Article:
Recordable-rewriteable CD-ROM technology (CD-RW)--which allows users to record their own CD-ROMs and play them back on stereos or PCs--is steadily becoming the storage platform of choice among PC manufacturers and consumers.
CD-RW drives come with only a few high-end PCs now, but declining prices, improvements in speed easier-to-use interfaces, and other factors will prompt PC makers to start including CD-RW units as a feature in more models by 2000. Performance users, meanwhile, already can get CD-RW drives that run DVD disks as an added bonus.
The migration will likely mean the decline in sales of magnetic storage devices such as Zip drives, but Iomega does not intend to go quietly. Executives readily admit the storage maker is looking at technologies like recordable CDs, and sources say an announcement regarding optical storage could come next week at PC Expo.
"There are a lot of computer customers talking about bundling CD-RW. Most are now add-in products," said K.Y. Lee, president of Acer Peripherals, one of the larger makers of CD-ROM drives. "The demand for read-write drives is very strong."
Declining cost for both drives and media, of course, constitute a the major drivers in CD-RW adoption. Consumers now have to pay around $150 to $200 for a very basic add-on CD-RW drive, according to various estimates, while manufacturers are paying around $85 to $90 per drive incorporated into PCs. More deluxe models running at faster speeds can go for $350 or more.
These prices are higher than the retail and wholesale costs for Zip drives or garden variety CD drives, but gap is closing fast. Concurrently, the speed of now slower CD-RW drives is increasing. By 2000, these trends will make CD-RW a more viable option as a standard feature for most PCs.
"The sweet spot for [computer] manufacturers is a 4 x 4 x 24 for under $100," said Mary Bourdon, an analyst at Gartner Group Dataquest. "You won't see it this year, but you should see some interesting things next year?I would expect to start seeing some more heat on the competition." (The "4 x 4 x 24" refers to the speeds at which the drive records, rewrites, and reads data. Currently low-end drives record and rewrite at 2x and read at 24x.)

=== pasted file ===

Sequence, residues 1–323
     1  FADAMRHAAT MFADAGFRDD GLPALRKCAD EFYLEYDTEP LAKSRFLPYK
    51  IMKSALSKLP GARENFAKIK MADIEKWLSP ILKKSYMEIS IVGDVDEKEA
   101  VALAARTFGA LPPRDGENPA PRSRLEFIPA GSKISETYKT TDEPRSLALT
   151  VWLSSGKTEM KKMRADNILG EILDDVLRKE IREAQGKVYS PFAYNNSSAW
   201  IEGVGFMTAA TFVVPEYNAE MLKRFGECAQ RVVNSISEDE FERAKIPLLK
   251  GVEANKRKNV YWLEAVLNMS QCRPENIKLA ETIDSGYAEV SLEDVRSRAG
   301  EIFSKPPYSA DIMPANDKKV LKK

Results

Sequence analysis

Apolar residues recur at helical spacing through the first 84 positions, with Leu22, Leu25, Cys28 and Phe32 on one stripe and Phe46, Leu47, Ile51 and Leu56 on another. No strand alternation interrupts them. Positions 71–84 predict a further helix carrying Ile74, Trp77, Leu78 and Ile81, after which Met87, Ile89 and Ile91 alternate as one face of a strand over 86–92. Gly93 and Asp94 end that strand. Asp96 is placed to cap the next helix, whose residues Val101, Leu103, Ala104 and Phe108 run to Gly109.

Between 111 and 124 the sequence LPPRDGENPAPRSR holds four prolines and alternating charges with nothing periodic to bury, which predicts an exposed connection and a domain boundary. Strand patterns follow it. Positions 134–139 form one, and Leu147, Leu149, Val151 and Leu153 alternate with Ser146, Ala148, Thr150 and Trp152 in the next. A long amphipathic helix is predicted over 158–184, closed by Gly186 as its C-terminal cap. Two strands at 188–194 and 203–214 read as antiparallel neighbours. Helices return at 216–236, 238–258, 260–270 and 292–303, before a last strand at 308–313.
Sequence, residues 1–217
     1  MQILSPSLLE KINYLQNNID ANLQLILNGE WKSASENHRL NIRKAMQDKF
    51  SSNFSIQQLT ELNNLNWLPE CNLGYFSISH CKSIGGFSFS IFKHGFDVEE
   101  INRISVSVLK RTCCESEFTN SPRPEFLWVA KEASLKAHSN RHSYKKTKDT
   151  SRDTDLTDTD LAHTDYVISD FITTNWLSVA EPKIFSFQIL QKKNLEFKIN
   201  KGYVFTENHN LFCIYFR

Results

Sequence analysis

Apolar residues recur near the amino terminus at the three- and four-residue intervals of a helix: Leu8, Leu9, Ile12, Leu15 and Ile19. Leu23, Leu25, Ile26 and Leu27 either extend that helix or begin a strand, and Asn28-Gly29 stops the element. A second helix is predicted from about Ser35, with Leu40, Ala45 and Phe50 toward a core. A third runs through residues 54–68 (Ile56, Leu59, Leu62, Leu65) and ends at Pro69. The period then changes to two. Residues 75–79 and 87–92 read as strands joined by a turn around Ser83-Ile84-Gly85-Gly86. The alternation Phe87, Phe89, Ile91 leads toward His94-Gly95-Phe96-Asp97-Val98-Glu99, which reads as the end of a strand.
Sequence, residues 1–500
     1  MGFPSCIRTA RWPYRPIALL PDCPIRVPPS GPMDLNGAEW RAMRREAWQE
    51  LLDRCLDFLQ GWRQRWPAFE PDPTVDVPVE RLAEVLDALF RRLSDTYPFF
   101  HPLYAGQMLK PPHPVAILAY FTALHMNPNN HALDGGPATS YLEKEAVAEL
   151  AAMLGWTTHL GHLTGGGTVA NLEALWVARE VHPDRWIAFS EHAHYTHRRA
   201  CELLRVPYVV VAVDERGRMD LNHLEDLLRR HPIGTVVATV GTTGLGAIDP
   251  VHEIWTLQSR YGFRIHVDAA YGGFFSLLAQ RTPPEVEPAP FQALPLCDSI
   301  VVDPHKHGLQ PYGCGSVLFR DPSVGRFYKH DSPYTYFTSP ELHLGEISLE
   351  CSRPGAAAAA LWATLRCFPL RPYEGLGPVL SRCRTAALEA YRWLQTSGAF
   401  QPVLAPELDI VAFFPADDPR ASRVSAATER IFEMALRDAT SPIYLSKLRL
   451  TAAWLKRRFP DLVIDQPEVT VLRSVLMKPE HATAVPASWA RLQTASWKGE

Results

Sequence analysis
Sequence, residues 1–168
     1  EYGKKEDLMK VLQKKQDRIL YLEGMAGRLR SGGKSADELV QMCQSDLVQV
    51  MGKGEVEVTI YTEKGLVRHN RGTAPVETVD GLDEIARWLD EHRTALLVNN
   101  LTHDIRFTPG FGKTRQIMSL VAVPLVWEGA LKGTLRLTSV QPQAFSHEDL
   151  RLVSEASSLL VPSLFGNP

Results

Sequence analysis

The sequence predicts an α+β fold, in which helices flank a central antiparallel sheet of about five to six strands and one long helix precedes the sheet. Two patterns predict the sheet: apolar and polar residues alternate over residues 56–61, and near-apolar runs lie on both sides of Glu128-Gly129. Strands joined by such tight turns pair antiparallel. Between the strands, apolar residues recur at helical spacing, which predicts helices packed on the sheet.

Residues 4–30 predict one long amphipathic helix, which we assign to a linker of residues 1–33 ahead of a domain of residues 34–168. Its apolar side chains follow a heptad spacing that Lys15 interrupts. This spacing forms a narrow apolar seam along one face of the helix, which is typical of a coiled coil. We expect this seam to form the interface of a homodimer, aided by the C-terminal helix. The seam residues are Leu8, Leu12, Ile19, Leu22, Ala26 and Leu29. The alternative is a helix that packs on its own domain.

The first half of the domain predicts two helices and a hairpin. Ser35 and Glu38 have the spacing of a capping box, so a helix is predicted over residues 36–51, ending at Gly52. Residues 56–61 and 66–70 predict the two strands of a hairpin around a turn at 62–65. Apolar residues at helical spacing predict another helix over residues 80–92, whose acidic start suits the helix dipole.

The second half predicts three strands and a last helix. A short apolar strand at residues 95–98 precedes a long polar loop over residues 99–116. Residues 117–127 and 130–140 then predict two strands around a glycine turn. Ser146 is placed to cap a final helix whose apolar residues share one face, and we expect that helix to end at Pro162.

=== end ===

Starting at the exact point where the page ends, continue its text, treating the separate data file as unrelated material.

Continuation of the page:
Some competition for the Zip, in fact, appears to already be occurring. Sales of add-on Iomega drives--the kind you buy after you've already bought a PC--have already leveled off, said Bourdon, attributing the drop partially to CD-RW sales.
Six million external CD-RW drives shipped last year. In total, Iomega shipped 9.5 million drives last year, according to Dataquest.
As for media prices, CDs are already winning, according to Ted Pine, an analyst at InfoTech Research. CD-R disks, which allow a user to burn data or music onto a CD, but not erase or re-record data, cost under $1 retail. Classic CD-RW disks, which let users erase and re-record data in a similar fashion to cassette tapes or floppy disks, sell for under $20 and should dip below $10 by year end. Iomega Zip disks, by contrast, cost around $10.
Cost, however, is not the only factor in driving adoption, Pine said. Another important consideration is the ubiquity of the CD-ROM standard. CDR and CD-RW disks are largely compatible with standard CD-ROM drives, which are included on nearly every computer and home stereo system. Iomega disks can only be played back on their own drives.
"There is no other backup medium that can have that possibility," said Pine, who predicted that the uptick in CD-RW sales could start later this year. The complex user-interfaces for CD-RWs are also improving, he added. Thirdly, Pine pointed out that some CD-RW drives coming out soon will also run DVD-ROM disks, which further adds to the platform's attractiveness.
Brian Smith, senior product specialist at Gateway, one of the more active proponents of CD-RW, said the company has not seen CD-RW sales cannibalize Zip sales. However, that could change over time as consumers understand the cost savings in terms of the recording media.
Iomega isn't scared
While the rise in popularity of the storage platform creates storm clouds for Zip and Iomega, the company is apparently reacting quickly to changes. For one thing, the price of Zip and Jaz drives will continue to drop, which will keep competitive heat on CD-RW proponents, said Bob Katzive, an analyst at DiskTrend. Second, the company is intent on transforming itself from a purveyor of its own technology into a general storage outlet.
"They want to be the company you think about when you think about storage," he said. "They want to be the one-stop shop. "
Indeed, some sources stated that the company plans to announce their product strategy for CDs next week at PC Expo.
Keith Slankard, director of business development at Iomega, would not comment on any upcoming announcements, but stated that the company is open to new technologies, including CD drives.
"We're always looking at technology to better serve our customers," he said.
At the same time, Slankard added that the CD-RW market actually can complement Zip drives. Because of the speed and complexity involved with current CD-RW drives, consumers who have both often prefer to edit on Zip drives and use the CD-RW drive for final storage. In the future, he conjectured that there is no reason both types of drives can't coexist on PCs.